American Lung Association Report Shows Failure of Christie Administration to Fund New Jersey’s Comprehensive Tobacco Control Program
WASHINGTON, D.C. – This week, The American Lung Association released a State of Tobacco Control report, showing that New Jersey is one of only two states in the country that allocates zero state funding for tobacco prevention and cessation programs. Congressman Frank Pallone, Jr. (NJ-06), Ranking Member on the Energy and Commerce Committee, admonished the Christie administration for refusing to take part in a statewide effort to establish smoke-free policies, help tobacco users quit smoking, and prevent potential users from becoming addicted.
“The Governor has displayed a stunning lack of leadership when it comes to protecting our children from the dangers of tobacco,” said Pallone. “Without investing in proven tobacco prevention strategies with the revenue streams specifically created for this purpose, New Jersey residents needlessly suffer. Smoking causes a range of fatal conditions, and in New Jersey, 11,800 people will die this year from its effects. But, as the Centers for Disease Control and Prevention show, for every person who dies, another 30 will continue to live while enduring the impacts of serious chronic conditions like diabetes, emphysema, and heart disease.”
In September, Congressman Pallone sent a letter to Governor Chris Christie (R-NJ) on his failure to fund Comprehensive Tobacco Control Program. Governor Christie has ignored the letter. The funding for New Jersey’s Tobacco Control Program was first slashed completely in Fiscal Year 2013 and has remained at zero since.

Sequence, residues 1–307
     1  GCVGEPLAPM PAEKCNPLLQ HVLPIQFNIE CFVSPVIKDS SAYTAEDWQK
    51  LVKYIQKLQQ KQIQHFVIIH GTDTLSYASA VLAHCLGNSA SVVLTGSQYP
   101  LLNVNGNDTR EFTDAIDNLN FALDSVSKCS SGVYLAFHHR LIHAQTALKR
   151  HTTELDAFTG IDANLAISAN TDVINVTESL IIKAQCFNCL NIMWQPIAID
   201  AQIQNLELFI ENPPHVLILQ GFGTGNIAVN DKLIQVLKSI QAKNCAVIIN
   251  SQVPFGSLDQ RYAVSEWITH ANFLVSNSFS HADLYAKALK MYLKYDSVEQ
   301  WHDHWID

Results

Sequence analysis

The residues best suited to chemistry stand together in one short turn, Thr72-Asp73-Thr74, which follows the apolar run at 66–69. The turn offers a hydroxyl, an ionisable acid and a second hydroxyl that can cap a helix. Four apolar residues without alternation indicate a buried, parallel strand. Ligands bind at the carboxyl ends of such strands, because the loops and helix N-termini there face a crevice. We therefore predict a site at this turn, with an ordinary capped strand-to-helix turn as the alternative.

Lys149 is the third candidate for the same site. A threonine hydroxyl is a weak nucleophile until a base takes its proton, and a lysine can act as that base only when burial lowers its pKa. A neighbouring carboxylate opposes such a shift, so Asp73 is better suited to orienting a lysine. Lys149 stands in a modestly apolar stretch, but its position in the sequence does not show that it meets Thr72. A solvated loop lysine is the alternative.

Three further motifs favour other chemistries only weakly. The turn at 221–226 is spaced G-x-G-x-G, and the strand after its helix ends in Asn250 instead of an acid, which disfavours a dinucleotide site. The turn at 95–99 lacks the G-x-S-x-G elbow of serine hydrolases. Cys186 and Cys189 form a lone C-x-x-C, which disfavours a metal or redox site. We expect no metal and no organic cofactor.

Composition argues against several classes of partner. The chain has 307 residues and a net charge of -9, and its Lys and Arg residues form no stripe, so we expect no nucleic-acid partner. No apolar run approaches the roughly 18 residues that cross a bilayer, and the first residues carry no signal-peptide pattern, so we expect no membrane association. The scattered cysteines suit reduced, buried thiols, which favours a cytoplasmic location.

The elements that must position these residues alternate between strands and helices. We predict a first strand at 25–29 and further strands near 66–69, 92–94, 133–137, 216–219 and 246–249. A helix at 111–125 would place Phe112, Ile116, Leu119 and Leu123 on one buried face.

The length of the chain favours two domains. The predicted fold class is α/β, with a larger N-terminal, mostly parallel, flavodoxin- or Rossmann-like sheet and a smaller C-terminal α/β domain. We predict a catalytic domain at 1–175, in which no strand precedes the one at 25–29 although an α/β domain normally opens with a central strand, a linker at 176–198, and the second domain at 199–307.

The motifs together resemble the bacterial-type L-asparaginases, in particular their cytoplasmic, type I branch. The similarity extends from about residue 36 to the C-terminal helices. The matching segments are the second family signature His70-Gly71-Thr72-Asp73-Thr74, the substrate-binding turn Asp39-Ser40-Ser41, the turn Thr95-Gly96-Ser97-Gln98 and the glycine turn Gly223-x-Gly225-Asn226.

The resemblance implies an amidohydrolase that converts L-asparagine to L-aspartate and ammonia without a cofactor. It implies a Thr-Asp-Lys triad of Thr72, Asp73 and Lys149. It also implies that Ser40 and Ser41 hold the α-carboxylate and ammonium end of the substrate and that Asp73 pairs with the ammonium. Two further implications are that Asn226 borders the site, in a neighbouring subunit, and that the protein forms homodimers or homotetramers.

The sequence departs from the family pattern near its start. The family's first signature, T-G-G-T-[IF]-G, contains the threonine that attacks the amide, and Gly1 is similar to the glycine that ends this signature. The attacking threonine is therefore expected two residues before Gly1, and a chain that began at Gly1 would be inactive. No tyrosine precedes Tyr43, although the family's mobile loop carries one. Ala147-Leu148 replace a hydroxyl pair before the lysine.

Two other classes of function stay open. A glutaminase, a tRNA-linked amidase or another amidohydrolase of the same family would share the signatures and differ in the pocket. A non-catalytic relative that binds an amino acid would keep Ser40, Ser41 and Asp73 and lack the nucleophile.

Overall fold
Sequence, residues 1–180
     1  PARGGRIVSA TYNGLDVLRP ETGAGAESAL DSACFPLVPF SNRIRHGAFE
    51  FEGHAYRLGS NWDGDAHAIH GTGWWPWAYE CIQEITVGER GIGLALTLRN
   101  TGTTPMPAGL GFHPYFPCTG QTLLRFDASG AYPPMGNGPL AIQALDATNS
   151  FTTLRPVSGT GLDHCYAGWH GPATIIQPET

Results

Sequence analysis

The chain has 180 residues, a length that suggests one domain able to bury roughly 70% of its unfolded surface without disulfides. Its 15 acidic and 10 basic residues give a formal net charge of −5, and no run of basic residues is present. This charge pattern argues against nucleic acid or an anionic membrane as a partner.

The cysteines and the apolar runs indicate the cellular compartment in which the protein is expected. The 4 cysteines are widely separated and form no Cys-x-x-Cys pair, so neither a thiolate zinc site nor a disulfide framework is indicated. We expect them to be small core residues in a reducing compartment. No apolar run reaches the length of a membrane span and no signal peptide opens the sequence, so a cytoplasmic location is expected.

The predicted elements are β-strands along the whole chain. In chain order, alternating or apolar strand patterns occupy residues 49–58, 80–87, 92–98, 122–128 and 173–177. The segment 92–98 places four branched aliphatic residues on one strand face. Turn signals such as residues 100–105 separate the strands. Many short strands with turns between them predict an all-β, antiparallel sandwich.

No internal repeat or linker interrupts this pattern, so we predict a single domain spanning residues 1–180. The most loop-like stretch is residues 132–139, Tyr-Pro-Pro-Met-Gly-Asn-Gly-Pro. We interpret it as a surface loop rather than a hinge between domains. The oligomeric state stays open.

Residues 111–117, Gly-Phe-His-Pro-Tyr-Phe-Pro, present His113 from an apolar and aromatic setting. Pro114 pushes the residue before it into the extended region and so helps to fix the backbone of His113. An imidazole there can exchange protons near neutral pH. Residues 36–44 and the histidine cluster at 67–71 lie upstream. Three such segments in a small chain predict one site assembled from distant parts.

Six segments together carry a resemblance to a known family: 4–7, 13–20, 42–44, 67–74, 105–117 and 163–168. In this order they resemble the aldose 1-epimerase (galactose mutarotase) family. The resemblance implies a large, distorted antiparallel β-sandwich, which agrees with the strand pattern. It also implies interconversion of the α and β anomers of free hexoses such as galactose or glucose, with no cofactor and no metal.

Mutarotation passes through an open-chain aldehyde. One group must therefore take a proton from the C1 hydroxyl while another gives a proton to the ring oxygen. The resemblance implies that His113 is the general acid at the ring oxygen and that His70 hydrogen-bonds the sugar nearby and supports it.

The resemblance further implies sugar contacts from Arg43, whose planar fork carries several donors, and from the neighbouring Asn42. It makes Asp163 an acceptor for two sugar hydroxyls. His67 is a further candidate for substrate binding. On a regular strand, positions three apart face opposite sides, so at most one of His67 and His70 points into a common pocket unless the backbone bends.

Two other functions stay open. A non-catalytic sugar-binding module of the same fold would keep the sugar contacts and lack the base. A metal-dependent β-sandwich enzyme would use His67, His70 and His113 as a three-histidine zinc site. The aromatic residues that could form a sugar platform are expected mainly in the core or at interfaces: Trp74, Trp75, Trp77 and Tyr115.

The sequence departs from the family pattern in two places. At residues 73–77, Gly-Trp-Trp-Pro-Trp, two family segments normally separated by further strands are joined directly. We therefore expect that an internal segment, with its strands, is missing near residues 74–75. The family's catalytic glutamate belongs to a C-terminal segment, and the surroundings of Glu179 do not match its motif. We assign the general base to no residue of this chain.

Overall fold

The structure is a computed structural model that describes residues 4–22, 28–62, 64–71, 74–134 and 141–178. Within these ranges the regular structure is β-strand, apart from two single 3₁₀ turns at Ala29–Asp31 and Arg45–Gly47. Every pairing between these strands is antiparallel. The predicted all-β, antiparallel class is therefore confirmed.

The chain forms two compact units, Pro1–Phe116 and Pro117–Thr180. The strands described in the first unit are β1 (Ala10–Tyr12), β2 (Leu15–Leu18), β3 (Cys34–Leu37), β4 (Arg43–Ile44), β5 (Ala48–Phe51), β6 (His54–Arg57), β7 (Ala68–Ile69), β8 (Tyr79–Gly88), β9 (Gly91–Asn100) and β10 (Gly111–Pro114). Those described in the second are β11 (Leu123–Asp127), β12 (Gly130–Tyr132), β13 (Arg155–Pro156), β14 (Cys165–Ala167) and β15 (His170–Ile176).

In 2014, Congressman Pallone wrote to Governor Christie’s office regarding the decision to cut all funding for the program with New Jersey ranked last that year among states in funding tobacco prevention activities. Currently the states absorb $4 billion in tobacco-related health expenses. The Centers for Disease Control and Prevention recommends that New Jersey spend $103.3 million in prevention efforts.
Congressman Pallone has repeatedly drawn attention to the risks that tobacco continues to pose to public health. Most recently, through the authority granted by a law that he co-authored, the US Food and Drug Administration (FDA) began exercising greater oversight over electronic cigarettes and cigar sales to young adults. It is now illegal to sell cigars, hookah tobacco, and electronic cigarettes to anyone under the age of 18, with an ID check required to anyone under the age of 27. Retailers are not permitted to give away free samples of such tobacco products and retailers are not allowed to sell cigars, hookah tobacco, and e-cigarettes in a vending machine where anyone under age 18 has access at any time.